II. The Font

Roughly 18 months after the Rio 2016 logo was developed by Tátil Design, Dalton Maag got the prompt to design the full font. Dalton Maag’s meeting was held with James Bond-esque secrecy. The company’s creative director Fabio Haag thought he was going to talk about a corporate design project, only to be told at the table that this project was actually for the upcoming Olympics.

“Our prompt was that the font had to be an exact replica of the letters in the logo,” says Maag, who knew it would be a challenge due to its reverse creative process. “Usually you make the font and then do the logo,” he notes. Dalton Maag had 3 letters — R-I-O — and 4 figures — 2-0-1-6 — to use as a roadmap. Here is how Haag and his six-person team built the rest of the 2016 alphabet and special characters — nearly 500 in all.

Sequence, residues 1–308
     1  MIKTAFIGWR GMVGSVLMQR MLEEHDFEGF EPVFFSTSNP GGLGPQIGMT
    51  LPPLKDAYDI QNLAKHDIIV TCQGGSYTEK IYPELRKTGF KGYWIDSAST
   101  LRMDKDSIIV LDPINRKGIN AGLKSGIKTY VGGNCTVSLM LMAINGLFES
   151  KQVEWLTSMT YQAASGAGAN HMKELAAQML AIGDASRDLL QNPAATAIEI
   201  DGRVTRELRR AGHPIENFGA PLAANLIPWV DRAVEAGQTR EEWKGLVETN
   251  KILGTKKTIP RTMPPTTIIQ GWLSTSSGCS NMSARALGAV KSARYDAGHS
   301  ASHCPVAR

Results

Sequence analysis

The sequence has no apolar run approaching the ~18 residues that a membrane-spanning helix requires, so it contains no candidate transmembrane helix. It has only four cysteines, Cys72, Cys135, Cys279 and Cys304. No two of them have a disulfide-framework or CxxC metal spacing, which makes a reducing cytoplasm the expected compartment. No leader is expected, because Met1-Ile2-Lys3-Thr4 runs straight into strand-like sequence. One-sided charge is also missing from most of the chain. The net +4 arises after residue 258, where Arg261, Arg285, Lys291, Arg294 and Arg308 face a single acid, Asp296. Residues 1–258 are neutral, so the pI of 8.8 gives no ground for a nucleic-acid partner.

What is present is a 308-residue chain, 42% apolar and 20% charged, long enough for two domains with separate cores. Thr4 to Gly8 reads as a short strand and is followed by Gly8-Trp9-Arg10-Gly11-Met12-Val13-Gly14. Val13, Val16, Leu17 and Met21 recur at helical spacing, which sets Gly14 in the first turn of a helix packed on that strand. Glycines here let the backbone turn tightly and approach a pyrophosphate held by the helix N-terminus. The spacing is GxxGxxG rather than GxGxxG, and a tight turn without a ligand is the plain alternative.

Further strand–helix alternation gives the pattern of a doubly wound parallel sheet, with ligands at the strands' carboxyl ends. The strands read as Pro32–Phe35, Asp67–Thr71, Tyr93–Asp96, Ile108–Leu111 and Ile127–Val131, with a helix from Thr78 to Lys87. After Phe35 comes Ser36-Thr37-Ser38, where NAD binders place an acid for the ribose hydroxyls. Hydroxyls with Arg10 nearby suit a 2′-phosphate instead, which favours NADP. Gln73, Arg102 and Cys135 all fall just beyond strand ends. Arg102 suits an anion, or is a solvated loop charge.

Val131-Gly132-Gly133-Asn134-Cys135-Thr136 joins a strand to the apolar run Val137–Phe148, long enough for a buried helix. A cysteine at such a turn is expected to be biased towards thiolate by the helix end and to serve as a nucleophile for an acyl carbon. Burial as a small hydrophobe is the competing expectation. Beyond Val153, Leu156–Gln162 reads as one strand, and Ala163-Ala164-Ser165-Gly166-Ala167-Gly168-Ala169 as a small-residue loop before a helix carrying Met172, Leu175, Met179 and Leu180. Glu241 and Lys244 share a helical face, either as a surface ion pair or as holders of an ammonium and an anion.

The Challenge

“The difference between a logotype and a font is that, in a logotype, the letter combination is set, but in a font, every letter needs to work nicely next to any other and match,” says Haag.“In the logotype, some characters are very fluid, like the ‘R’ and the ‘2’, but the ‘1’ is very straight and the ‘o’ is on a steep angle. Finding a balance that would work as an harmonious system was our biggest challenge.”

How Dalton Maag Began

“You could say, we already have the letters ‘R,’ ‘i,’ and ‘o’ and we want to make letters that look like them, so we could just expand on them. But the tricky thing is that we can’t use the same letters because they might not connect, or have the same weight and proportions, as with the rest of the letters in the alphabet. So we started using different words — ‘passion’ and ‘transformation’ — that had multiple ligatures to see how one letter could connect and match with another.”

“Choosing the right words was key to the success of the concept,” continues Haag. “Here you have ‘passion,’ and below it you can see a lot of similarities in “Rio 2016.” We then came up with 23 different font concepts and started comparing them to one another using “passion.” Then, on the 24th concept, the hero concept, we used the word ‘transformation,’ [Transformação] because it is a triple ligature of ‘s,’ ‘f’ and ‘o,’ which plays off the ‘1’ and ‘6’ of the Rio 2016.”

Troubleshooting